Literacy Skills in Career and Technical Education Classes By: Patricia Hilliard
Throughout the article, Patricia Hilliard analyzes the importance of literacy within each course subject. She goes on to discuss how students ranged below basic on the reading assessments for the National Assessment of Education Progress. The results for the writing section were similar, making Hilliard claim that this proves students need more teachings when it comes to reading comprehension, writing analysis, and critical thinking. Hilliard goes into further detail expressing that writing should not be only practiced in English, but rather in every subject. Career and Technical Education (CTE) is one course that should put this into effect into the classroom by creating a class objective towards improving adolescent reading and writing skills. Hilliard claims, “CTE programs are naturally positioned to help students build literacy skills in preparation for future success in college, careers, and life” (Hilliard).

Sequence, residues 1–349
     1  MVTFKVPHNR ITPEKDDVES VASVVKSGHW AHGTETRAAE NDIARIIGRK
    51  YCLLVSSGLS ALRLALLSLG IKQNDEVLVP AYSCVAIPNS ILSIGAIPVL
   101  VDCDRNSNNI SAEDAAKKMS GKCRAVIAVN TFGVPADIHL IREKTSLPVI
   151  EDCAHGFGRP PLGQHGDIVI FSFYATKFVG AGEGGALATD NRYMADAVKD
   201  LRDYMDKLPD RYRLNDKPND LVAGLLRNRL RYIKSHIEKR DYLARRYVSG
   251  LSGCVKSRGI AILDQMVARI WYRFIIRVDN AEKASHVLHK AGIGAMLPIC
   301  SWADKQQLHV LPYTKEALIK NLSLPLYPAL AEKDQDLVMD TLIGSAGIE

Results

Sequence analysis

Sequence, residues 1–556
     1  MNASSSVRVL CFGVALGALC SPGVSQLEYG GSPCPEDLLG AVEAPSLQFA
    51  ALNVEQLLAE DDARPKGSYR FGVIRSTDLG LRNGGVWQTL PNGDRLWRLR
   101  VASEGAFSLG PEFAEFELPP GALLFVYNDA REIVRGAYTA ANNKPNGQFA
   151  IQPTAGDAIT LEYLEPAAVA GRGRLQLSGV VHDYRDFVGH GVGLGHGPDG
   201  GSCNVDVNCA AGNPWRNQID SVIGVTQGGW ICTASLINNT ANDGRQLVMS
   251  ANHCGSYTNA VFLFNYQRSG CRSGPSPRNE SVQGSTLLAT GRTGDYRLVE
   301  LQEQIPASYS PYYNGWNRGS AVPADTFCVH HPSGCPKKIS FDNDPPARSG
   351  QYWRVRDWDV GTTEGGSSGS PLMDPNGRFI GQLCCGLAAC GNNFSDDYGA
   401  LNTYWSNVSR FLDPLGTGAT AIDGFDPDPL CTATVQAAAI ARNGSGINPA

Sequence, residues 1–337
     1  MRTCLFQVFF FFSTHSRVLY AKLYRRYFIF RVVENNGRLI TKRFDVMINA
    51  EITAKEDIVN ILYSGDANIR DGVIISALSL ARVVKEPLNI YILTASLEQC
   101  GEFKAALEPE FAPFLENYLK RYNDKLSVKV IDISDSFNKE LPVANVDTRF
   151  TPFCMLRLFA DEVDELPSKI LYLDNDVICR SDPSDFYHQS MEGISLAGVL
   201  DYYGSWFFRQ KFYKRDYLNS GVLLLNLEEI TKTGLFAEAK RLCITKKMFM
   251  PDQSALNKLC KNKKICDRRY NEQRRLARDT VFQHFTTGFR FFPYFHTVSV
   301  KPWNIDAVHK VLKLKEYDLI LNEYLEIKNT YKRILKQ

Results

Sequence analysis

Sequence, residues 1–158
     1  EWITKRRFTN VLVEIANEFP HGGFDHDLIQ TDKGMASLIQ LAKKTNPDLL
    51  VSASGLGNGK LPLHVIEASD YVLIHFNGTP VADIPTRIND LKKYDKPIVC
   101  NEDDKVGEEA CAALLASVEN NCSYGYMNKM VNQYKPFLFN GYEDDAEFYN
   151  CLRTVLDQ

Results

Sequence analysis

Many CTE teachers can coordinate reading and writing in their curriculum through their lessons that include analyzing blueprints, technical manuals, lab reports, floor plans, etc. Teachers can do so by having students look at it on their own, discuss/analyze what they see with a partner, and use critical thinking within their writing to share with the class as a whole. Not only do the National Assessment of Education Progress focus on reading comprehension skills, but it also focuses on how a student uses critical thinking, reflection, and supporting each claim with reliable evidence. CTE not only is able to look at each of these aspects in the classroom, but can also help students think outside of the box in regards to expanding and understanding the importance to technical education inside and outside of the classroom.